Tag Archives: Dayenu

You Gave Us Messiah But Not The Torah: Dayeinu!

Dayeinu is one of the highlights of Seder experience. The tune is catchy but the words and theme are frankly bizarre. Had you taken us from Egypt but not split the sea, dayeinu, it would have been enough. Really?

If you had taken us to Mount Sinai but not given us the Torah, dayeinu, it would have been enough. Really? Don’t we talk about how the Torah is the air that we breathe, indispensable to our lives and to our very existence? Had He given us the Torah but not brought us into Israel it would have been enough. Really? Wasn’t Israel created before the world because it, the Jewish people and Torah and the three pillars upon which the world is built?

-Rabbi Efrem Goldberg
“It Would Have Been Enough, Really?”

I have to admit, as many times as I’ve recited or sung Dayeinu, I’ve never considered the idea if stopping short of completing all the miracles Hashem did for the Children of Israel in the Exodus would indeed have been sufficient. What if God liberated Israel from Egypt but had not split the sea? That would have been a disaster.

As Rabbi Goldberg says, for religious Jews, the Torah is the very air they breathe, and the Land of Israel was promised to the Jewish people long before they were enslaved in Egypt. How could these things not come to pass as God declared they would? How can we imagine the Jewish people without the Torah or Israel?

But what about the rest of us?

Mount SinaiI know what you’re thinking, some of you anyway. You’re thinking about the Mixed Multitude, that ragtag group of non-Israelites who accompanied the Children of Israel out of Egypt because they saw Hashem’s miracles and believed, or at least they thought this guy Moses could give them a “get out of slavery free” card, too.

You’re thinking that these Gentiles stood with Israel at Sinai and received the Torah along with God’s special and chosen people, and thus, what was done for Israel was done for Gentiles as well.

Well, yes and no.

The “Mixed Multitude” link I posted a few paragraphs above goes into it in more detail, but these Gentiles, or rather their descendants after the third generation, were fully assimilated and intermarried into Israel and the tribes, so all traces of their Gentile lineage was lost.

That practice isn’t available to non-Jews who want to join themselves to Israel today. The best we can do is either become Noahides or convert to Judaism. For those of us to call ourselves “Messianic Gentiles” or Talmidei Yeshua, a third option is to specifically accept a highly specialized understanding of the revelation of Yeshua (Jesus) as Moshiach (Messiah or “Christ”) while taking upon ourselves a lesser set of obligations than the Jewish people, and while standing alongside Israel and embracing her central role in Hashem’s plan for ultimate, worldwide redemption in the Messianic Kingdom.

Which brings me back to Dayeinu. What if God had given us the blessings of Messiah but not given us the Torah…Dayeinu…it would be sufficient.

But God did allow us, through His magnificent grace and the mercy of Messiah, to benefit from some of the blessings of the New Covenant promises but not the full obligation to the Torah mitzvot? Is that really sufficient?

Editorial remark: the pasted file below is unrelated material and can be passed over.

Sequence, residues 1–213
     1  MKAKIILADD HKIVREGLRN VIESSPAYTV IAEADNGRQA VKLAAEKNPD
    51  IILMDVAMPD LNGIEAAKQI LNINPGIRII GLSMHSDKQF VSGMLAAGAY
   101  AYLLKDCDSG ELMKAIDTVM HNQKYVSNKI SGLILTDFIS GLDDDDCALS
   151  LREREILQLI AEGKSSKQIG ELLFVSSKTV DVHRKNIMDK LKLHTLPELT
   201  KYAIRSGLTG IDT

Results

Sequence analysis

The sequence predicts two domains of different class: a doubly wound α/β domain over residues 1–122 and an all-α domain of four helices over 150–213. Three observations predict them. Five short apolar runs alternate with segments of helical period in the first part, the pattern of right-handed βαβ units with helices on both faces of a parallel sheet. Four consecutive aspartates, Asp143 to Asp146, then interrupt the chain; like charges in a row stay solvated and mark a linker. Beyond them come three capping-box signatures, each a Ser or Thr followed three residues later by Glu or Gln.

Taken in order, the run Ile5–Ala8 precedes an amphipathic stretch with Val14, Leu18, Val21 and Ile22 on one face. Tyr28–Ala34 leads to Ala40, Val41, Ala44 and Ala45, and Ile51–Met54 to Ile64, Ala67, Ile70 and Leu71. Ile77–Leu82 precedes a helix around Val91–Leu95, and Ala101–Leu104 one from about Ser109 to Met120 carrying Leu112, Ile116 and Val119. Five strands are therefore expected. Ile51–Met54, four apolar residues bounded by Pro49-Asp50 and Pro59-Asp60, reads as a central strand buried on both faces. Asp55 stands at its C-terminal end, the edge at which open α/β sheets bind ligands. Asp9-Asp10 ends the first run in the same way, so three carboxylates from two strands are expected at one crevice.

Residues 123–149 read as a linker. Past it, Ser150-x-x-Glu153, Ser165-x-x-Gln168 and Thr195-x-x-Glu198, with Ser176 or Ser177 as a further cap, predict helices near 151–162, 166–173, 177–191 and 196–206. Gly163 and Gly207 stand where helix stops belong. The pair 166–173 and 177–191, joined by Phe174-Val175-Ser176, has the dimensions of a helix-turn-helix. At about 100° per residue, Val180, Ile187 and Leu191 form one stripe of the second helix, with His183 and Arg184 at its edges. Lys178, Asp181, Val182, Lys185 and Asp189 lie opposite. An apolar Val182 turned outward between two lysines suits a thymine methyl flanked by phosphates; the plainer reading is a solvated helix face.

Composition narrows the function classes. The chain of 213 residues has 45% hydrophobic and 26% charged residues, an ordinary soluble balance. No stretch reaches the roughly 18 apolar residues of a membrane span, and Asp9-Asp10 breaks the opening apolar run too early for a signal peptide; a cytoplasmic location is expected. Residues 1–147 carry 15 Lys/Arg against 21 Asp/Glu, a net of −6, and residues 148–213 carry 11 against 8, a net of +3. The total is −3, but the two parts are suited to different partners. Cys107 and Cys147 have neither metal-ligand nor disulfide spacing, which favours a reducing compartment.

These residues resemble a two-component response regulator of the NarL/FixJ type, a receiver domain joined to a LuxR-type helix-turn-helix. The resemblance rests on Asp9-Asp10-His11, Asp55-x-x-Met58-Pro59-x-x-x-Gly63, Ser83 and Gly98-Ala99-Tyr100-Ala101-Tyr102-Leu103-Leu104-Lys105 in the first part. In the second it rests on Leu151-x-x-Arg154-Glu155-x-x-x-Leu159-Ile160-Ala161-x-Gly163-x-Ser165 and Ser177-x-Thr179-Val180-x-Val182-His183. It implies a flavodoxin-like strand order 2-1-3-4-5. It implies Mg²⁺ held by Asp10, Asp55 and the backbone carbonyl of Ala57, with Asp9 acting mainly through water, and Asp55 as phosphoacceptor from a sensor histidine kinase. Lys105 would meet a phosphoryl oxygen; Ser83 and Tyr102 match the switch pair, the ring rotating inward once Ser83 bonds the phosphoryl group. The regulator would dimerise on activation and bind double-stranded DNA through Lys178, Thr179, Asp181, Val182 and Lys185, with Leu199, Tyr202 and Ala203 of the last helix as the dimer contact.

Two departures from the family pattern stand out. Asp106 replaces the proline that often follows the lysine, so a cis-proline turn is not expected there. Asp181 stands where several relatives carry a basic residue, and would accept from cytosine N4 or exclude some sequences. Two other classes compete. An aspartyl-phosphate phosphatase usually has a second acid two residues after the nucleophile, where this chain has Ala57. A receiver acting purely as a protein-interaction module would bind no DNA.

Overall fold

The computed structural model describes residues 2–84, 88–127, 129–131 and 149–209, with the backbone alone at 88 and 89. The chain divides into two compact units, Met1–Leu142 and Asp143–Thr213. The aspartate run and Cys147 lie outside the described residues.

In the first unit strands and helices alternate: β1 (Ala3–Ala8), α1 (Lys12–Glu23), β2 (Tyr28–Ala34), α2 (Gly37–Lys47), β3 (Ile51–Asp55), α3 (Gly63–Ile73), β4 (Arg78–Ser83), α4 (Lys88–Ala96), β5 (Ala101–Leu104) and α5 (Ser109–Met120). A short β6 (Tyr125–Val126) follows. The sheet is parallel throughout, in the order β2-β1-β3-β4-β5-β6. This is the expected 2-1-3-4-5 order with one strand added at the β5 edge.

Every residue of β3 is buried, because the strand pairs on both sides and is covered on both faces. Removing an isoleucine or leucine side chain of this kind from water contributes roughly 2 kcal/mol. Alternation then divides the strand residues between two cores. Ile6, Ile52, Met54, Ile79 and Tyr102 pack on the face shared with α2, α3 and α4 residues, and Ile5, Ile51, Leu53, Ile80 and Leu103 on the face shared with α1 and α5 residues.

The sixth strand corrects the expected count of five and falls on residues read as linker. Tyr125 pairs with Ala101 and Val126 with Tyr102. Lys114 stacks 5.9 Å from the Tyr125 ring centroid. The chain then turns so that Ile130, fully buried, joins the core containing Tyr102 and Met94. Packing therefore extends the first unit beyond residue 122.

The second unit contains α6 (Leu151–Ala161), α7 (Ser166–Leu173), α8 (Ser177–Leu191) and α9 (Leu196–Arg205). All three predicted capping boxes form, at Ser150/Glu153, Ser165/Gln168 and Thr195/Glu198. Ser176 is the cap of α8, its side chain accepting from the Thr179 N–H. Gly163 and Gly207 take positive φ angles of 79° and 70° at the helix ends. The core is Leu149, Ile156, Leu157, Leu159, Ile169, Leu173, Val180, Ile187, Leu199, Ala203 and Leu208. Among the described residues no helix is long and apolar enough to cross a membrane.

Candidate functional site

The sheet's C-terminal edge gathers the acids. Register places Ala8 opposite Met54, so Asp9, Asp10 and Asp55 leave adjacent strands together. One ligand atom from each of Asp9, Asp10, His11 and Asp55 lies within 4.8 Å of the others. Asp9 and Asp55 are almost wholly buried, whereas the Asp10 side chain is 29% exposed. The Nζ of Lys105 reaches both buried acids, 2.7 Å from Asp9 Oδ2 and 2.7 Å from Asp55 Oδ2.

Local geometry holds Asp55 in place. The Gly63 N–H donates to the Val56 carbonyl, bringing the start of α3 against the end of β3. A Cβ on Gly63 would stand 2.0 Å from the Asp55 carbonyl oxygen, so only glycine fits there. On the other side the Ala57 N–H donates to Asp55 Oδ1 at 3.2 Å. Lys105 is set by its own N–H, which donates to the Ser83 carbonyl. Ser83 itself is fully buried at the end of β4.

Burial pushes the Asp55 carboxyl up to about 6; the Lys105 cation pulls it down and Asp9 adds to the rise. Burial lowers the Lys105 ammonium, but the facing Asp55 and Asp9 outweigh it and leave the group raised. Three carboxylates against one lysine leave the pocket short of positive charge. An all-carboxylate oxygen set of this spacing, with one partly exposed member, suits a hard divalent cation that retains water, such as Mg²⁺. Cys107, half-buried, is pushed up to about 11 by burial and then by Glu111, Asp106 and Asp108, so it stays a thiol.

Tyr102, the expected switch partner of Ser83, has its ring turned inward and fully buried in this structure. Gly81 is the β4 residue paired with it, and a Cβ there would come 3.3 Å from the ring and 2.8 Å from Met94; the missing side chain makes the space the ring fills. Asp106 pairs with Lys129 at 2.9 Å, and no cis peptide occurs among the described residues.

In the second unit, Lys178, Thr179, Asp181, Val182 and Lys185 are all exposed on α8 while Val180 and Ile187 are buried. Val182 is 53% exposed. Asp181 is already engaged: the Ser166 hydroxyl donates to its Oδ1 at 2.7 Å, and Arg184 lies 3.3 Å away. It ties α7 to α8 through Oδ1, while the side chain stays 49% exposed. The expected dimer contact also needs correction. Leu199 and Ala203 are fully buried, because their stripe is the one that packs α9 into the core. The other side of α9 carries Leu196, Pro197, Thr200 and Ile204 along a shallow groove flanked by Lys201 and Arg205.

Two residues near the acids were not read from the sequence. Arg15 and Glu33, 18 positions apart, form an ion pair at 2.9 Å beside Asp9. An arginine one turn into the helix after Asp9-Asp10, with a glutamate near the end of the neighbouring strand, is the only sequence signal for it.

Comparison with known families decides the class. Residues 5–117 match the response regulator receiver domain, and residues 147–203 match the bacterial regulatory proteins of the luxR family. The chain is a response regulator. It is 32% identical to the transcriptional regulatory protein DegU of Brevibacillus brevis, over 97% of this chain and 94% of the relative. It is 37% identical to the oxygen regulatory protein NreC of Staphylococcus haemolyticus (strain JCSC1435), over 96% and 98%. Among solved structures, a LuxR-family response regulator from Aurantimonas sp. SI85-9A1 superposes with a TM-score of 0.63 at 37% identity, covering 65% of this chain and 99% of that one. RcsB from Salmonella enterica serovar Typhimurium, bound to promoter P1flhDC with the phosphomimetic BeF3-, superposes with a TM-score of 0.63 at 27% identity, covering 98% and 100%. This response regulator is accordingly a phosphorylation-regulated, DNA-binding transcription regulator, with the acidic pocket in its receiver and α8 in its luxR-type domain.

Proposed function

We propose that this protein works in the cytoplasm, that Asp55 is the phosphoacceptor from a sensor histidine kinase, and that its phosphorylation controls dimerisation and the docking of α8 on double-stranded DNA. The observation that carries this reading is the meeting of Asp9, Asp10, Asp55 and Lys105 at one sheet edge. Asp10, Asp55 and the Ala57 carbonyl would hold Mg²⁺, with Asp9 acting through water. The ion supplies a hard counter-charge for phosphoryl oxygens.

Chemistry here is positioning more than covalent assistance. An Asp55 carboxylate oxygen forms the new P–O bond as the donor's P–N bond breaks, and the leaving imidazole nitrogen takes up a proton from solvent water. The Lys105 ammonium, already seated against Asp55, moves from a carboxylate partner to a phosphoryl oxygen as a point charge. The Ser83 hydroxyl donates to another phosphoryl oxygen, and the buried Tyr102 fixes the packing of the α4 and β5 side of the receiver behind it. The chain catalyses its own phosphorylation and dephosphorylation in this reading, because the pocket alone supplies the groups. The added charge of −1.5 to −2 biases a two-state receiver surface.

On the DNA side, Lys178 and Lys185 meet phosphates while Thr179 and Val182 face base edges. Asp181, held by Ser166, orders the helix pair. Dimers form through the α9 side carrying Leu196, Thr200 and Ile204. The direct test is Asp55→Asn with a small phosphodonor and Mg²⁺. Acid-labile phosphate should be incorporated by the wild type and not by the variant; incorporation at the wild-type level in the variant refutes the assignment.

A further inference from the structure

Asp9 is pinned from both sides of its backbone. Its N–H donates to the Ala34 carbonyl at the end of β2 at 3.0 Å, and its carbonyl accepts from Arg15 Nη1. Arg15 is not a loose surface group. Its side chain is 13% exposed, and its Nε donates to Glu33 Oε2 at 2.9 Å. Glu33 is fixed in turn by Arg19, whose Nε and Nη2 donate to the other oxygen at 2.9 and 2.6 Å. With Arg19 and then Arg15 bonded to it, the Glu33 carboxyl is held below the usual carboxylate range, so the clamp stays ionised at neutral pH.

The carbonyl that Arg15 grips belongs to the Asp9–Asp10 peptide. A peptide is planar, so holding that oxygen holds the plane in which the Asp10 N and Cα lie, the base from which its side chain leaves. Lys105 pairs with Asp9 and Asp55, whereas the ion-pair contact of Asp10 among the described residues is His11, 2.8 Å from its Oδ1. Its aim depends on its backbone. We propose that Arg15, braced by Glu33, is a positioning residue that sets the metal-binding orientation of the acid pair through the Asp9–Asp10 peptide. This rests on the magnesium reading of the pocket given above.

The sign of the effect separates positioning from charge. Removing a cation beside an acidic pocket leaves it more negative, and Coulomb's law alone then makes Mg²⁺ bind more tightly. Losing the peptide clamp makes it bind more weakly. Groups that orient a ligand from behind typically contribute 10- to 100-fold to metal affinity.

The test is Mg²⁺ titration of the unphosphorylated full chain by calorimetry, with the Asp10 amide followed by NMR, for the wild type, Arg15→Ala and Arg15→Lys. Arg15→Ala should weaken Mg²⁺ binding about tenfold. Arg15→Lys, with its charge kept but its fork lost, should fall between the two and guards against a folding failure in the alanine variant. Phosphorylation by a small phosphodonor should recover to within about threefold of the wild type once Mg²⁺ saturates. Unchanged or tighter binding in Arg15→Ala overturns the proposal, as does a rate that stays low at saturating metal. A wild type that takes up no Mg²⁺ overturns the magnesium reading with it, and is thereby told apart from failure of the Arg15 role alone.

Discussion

Depends on your point of view.

Back in the days when I was attending a little, local Baptist church, more than once in Sunday school, I heard the teacher thankfully remark how grateful he was to not be “under the Law” and enslaved to all those spiritless rituals and practices.

sefer torahActually, he said he was grateful to “no longer be under the Law”. I’ve always wondered what Christians mean by that, since Gentiles are not born into a covenant relationship with God, and particularly not under the Sinai covenant, thus, we were never, ever “under the Law” to begin with.

I tried to argue the other side of the coin, so to speak, relative to the Jewish people, but this was a Sunday school class in a Baptist church in Idaho, so I certainly wasn’t going to convince anyone that the Torah could be “the very air Jews breathe, indispensable to their lives and to their very existence.”

There’s a reason I don’t go to church anymore.

I had considered using the “Dayeinu” message to explain that even though we non-Jews were not given the Torah as such, it would be sufficient, but then, I encountered a problem in Rabbi Goldberg’s article:

Rabbi Nachman Cohen in his Historical Haggada offers a fantastic insight. If you look at the Torah and in Psalms, chapter 106 in particular, you will notice that every stanza of dayeinu corresponds with an incredibly gracious act God did for us and our absolute ungrateful response.

Explains Rabbi Nachman Cohen, dayeinu is our reflecting on our history and repairing the lack of gratitude we exhibited in the past. Seder night we look back on our national history, we review our story and we identify those moments, those gifts from God that we failed to say thank you for. We rectify and repair our ingratitude and thanklessness through the years by saying dayeinu now. In truth, dayeinu, each of these things was enough to be exceedingly grateful for.

R. Goldberg uses examples such God taking the Israelites out of Egypt and them not being grateful (Deut. 1:27) and God feeding them with manna and them not being grateful (Numbers 11:1-6). Dayeinu then, as R. Goldberg explained above, is the Jewish effort to repair the historic lack of gratitude of the Israelites to God’s miracles during the Exodus. It’s a lesson to every Jewish child at the Passover seder to learn gratitude for all that God has done, does, and will do for Israel.